Tuesday, August 30, 2011

The Ongoing Nym Wars.


A decent article, but missing some points, I think.

For one, the ability to publish anonymously is tremendously important for scientists. I know, I know, science is supposed to be an open process, where due credit is claimed and given, where if one believes in one's research, one should be glad to put one's name on it. But there remains to problems: money and ideology.

In science, it is important to go wherever the results lead. One does not publish results that are wrong, nor withhold them because they are unwanted. However, if one is doing work in highly contested fields, like climate change, or environmental chemistry, or drug biochemistry, there is tremendous pressure to come up with the right results: those that the powers that be would like to see. In such cases, the availability of anonymity is crucial. Sometimes, only through anonymity can one publish results that go against the current conceptual grain without fear of reprisal.

But what about accreditation? Surely, one's results don't mean anything unless one can prove one's background, education, degrees, and credibility, right? Astonishingly, no. A well written scientific paper will describe the experimental set up in excrutiating detail. Every step, from experiment construction, insturmentation and apparatus, gathering of data, analysis, and presentation ought to be detailed and explained. At that point, it really shouldn't matter so much if one holds multiple Ivy doctorates or just a lazy day in the back yard. Results are results, and any critique with the experimental or observational set up can happen on that basis.
It is not just scientists who benefit from access to anonymity, either. There are those of us whose professional and personal lives are somewhat distinct. When I am at work, I attempt to behave in a calm, professional manner. I keep my opinions reserved to myself, especially where they may be at odds with those of my superiors, clients, and customers. But, being human, and Irish, and a philosopher by habit, I do have opinions. Sometimes I am driven to express them, but it would be infeasible for me to do so in a forum where they can be traced and attached to my professional persona.

On a regular basis these days, we are cautioned about not posting anything to a social media site that we might be embarrassed about later. And this is of course, true. But judicious use of anonymity allows for a certain amount of discretion to be exercised. Avoiding publication of photos, or unique identifying information allows a certain separation that is invaluable in the modern world.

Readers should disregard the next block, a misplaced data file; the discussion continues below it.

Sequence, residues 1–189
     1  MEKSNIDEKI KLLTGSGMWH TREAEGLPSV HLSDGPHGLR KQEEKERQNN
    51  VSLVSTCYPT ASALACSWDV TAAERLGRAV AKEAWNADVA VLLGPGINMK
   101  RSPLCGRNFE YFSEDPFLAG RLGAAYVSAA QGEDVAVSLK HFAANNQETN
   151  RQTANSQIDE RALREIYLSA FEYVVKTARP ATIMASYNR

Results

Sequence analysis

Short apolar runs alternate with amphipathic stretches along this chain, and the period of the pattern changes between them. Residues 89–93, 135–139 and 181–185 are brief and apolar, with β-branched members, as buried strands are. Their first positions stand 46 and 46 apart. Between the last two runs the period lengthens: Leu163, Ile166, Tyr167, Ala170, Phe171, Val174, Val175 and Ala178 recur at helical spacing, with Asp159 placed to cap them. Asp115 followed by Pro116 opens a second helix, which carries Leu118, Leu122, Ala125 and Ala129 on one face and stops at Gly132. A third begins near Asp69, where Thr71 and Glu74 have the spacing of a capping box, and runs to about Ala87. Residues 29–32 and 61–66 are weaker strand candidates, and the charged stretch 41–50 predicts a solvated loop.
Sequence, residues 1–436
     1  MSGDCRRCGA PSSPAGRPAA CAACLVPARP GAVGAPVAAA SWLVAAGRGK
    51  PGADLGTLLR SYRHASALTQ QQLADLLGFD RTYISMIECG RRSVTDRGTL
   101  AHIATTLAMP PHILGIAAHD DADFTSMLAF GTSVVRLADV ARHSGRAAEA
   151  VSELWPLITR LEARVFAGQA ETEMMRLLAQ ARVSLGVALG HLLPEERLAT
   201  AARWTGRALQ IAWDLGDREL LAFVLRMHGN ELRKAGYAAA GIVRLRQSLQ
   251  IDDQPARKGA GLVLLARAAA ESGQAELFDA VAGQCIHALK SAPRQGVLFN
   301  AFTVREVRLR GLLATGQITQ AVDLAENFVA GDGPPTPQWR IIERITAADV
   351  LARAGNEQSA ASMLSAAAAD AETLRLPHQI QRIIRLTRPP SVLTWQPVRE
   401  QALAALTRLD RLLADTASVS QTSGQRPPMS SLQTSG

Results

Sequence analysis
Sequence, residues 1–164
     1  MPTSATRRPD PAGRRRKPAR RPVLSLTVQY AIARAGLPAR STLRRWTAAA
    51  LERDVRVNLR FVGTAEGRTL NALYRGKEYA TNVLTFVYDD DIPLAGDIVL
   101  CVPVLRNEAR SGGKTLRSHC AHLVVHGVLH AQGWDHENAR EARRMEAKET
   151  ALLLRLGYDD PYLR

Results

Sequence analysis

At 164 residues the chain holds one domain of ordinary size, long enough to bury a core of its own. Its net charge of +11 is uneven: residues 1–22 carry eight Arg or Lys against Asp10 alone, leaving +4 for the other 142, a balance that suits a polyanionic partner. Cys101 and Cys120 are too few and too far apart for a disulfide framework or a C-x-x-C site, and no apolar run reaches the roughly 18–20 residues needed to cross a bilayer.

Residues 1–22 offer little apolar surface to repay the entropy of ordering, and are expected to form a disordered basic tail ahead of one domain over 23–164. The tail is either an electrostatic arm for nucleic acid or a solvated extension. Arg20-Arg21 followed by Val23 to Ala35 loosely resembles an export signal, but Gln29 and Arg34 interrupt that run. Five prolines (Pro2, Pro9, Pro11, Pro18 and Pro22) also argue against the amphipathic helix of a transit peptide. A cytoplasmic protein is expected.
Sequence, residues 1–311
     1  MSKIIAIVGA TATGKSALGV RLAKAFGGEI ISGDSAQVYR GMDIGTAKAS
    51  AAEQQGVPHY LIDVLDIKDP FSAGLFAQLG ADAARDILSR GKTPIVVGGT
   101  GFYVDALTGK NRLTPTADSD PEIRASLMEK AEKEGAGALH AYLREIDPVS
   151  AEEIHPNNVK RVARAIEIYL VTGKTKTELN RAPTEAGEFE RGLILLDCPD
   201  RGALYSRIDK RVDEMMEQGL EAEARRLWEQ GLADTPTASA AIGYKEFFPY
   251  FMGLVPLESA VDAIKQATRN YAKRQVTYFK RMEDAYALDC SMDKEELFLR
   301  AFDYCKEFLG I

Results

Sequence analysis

Curse Google+ then, for their insistence on "real names" for their profiles. As if their machinery and machinations were capable of deciding on what is a real name at what is not. There are those individuals, some bearing a nom de electronique years in the making, that are forgoing participation in avoidance of being "outed".*
There is a certain arrogance in learning a person's name; a forced intimacy. We assumke that knowing a person, knowing their position in life, their state and status is the same as knowing their inner life. Yet the two are not always connected. Readers of Et In Arcadia Ego know much more about me than they might learn from my given name. Really, knowing my official persona is a masquerade of intimacy. Those who stumble upon me here, or at my new social networking account, or on any of the various online fora I frequent would do better to read my words and ponder them than to ask what my "real name" is. Even better, let's engage in a conversation, and we'll know each other better than a number of given names could say.
At a deeper level, pseudonyms are an inherent human need. We adopt various personae to mediate our interactions with the world. We choose, from moment to moment, which persona is to be shared with which others. For many, there are certain aspects of personality, or history, or intellectual life that are not to be shared with all comers. We pick and choose which to conceal and which to reveal, and it is not for any to force an unwelcome intimacy.

Each of us is unfathomable, we contain multitudes. The masks we choose to wear, and the roles we choose to play are how we converse with the world. To attempt to know someone by penetrating their persona is unthinkable, like attempting to know the entire night sky all at once.

*Incidentally, I recommend a revolt. Rather than allowing google+ to delete our profiles, I nominate that all of us unwilling to give up our anonymity adopt the pseudonym "Nicholas Bourbaki".


Googlebombing for a cause: www.minnesotangos.org

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